"I said it's a lorevault. It uses pandaren stories as traps to protect dangerous artifacts. I'd hate to think what would happen to anyone who went in there without a knowledgeable guide. Curry ball?" she said, holding one up.
"You offerin' your services?" Druz said.
"For pay? Absolutely not," Shuchun said. "But without me, you'll both be eaten. Or worse. So, I will take you inside and endeavor to convince you that this is a mistake."
She stared at the gun, then the dagger, until they were put away. Then, she smiled, stood, and called out with a storyteller's voice that rose above the rumble of the waves.
"'The Lorewalker had made her decision,'" she said. "'She turned her attention to the lorevault. Recognizing her for what she was, it opened.'"
With a thunderous CRACK, the cliff unfolded, spilling sand and chunks of rock.
In the darkness within was a round golden door large enough for a dragon to fly through. Etched figures covered every inch of its surface, thousands of characters in thousands of stories, one after another. The delirious spotlights swarming over the door made it seem as though the carvings were moving…
The door spun and opened to reveal a staircase leading down.
Lorewalker Shuchun walked ahead of the two goblins down the gentle curve of the stone passageway. Once it was clear that no one was immediately going to betray anyone, the goblins relaxed. The air was cool, quiet. Expectant.
Ziya broke the silence. "I don't get it."
"What?" Druz said.
"You. You're reserved, competent. How did you end up working for 'I've got my face on a mountain' Gallywix?"
"Mr. Gallywix," Druz corrected. "Or Trade Prince Gallywix. Never just Gallywix. And maybe you don't know him like I do."
"There's nothing to know," Ziya said. "He's a monster. I've stepped in deeper puddles."
"Right," said Druz. "And somehow, he's still in charge when most of the other trade princes and goblins want him dead. Hell, his own mother tried to kill him twice. Makes you think."
The path suddenly curved to the right. Gradually, the smooth walls were replaced with ancient, jagged bricks. Stinking sludge leaked through the cracks. Neither goblin noticed. Shuchun grinned at the ceiling.
"No, it doesn't," Ziya snapped. "He enslaved us when we left Kezan! His own people!"
"Not his fault you didn't have your own boat," Druz said. "But, hey, you fought your way free. Good for you. And I bet you're more careful who you trust now."
The gentle curve became a four-way intersection. Shuchun went left without pause, and the goblins followed.
"That aside," Ziya growled (because he was right), "you really want to turn over this weapon—whatever it is—to Gallywix? Knowing how he sucks up to our lunatic warchief?"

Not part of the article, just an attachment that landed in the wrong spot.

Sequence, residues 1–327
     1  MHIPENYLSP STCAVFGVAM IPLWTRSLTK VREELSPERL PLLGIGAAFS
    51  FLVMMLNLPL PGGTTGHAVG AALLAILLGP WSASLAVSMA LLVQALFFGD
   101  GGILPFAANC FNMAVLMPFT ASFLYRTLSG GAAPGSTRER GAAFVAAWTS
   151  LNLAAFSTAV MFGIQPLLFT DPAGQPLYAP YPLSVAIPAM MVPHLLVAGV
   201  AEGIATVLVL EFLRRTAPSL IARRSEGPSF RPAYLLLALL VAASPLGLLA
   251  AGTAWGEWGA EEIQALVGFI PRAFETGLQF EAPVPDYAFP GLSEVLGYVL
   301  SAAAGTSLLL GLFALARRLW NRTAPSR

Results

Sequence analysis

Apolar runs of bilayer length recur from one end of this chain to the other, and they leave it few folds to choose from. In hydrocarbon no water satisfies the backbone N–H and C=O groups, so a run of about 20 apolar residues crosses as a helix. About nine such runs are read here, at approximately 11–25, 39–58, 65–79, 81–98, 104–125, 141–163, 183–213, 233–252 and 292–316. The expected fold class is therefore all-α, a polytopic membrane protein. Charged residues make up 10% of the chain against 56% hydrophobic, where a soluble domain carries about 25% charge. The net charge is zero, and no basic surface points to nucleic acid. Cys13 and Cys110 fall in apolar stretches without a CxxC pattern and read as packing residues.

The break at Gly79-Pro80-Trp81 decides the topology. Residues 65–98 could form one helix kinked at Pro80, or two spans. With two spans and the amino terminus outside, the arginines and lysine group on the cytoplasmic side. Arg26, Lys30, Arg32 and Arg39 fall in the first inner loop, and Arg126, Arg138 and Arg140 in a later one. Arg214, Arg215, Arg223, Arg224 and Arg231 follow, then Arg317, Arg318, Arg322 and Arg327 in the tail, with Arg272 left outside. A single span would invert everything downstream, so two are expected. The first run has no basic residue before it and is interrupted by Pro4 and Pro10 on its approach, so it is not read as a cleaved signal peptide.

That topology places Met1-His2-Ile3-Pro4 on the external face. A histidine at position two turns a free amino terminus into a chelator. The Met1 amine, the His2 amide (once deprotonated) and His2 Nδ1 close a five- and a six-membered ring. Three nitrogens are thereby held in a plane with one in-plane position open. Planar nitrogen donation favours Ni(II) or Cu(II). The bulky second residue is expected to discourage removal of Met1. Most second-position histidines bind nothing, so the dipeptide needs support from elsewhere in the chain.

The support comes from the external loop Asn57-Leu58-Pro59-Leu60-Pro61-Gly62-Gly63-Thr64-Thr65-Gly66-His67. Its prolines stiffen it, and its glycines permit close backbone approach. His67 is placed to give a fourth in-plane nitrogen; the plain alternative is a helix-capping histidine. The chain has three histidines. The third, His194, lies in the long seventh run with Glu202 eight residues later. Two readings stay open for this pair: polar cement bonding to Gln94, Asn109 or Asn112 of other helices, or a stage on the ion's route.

"Mr. Gallywix," Druz said reprovingly. "And between you, me, and our guide, we are seekin' leverage, not power. Originally, we were after peace between the Horde and Alliance, but after Theramore…"
"Peace," Ziya said. "Gallywix wants the Horde to make peace. With the Alliance."
"Yeah," said Druz, eyebrows raised at the anger in her voice.
"But they're worse than him! If we go back now, then it's all been for—"
"Hold on," Druz said. They had passed a few more intersections without stopping. "Lorewalker, where are we?"
"In a story," Shuchun said. She was focused on the ground.
"Not a happy one, if I'm right," she said, slowing to allow the goblins to catch up. "But I want to be sure before I—never mind." She pointed. "I'm sure."
Their footsteps stretched before them. Somehow, they had gone in a circle, but there was something strange.
There were other footsteps racing along behind theirs, lopsided and horrible. And if they had gone in a circle—
"Don't turn around," Shuchun said.
"But—" Ziya said, horror scrambling up her spine. Eager feet slapped the stone behind them, getting closer.
"Don't turn around," she repeated. "Because this is 'The Maze of Mad Emperor Ku.'
"Emperor Ku," said Lorewalker Shuchun, "was ruled by his fears. He believed that the mogu would return. Through the haze of his paranoia, he saw treachery behind every smile, a scheme behind every vow of devotion, and cunning traps in the calm prophecies of the jinyu waterspeakers.
"And so, he had a maze built beneath his palace, with a safe room at the center. The next time his fear gripped him, Ku fled for it, shut the door, and waited for the terror to subside. It never did. The maze had been so cleverly constructed that the emperor had forgotten the way out."
Teeth biting his lip, Druz inched his gaze around, reaching for his—
Without taking her eyes from the tunnel ahead, Shuchun flicked his ear.
"Ow. Don't do that again."
"What do you care?" Shuchun said calmly above the low, crackling groans of the approaching thing. "You clearly aren't using it for listening. Do. Not. Look."
"I think she's trying to tell us," Ziya said, eyes closed in either fear or prayer.
"Search parties sometimes heard him calling," continued Shuchun. "But years passed. Occasionally, an explorer went into the maze and ran out screaming, wild with terror, for Ku's time in the dark had twisted him into something appalling to behold…"
"What do we do?" Ziya whispered. Claws scraped the walls behind them. Druz's mouth was a firm line, and his hand hovered over the holstered rifle.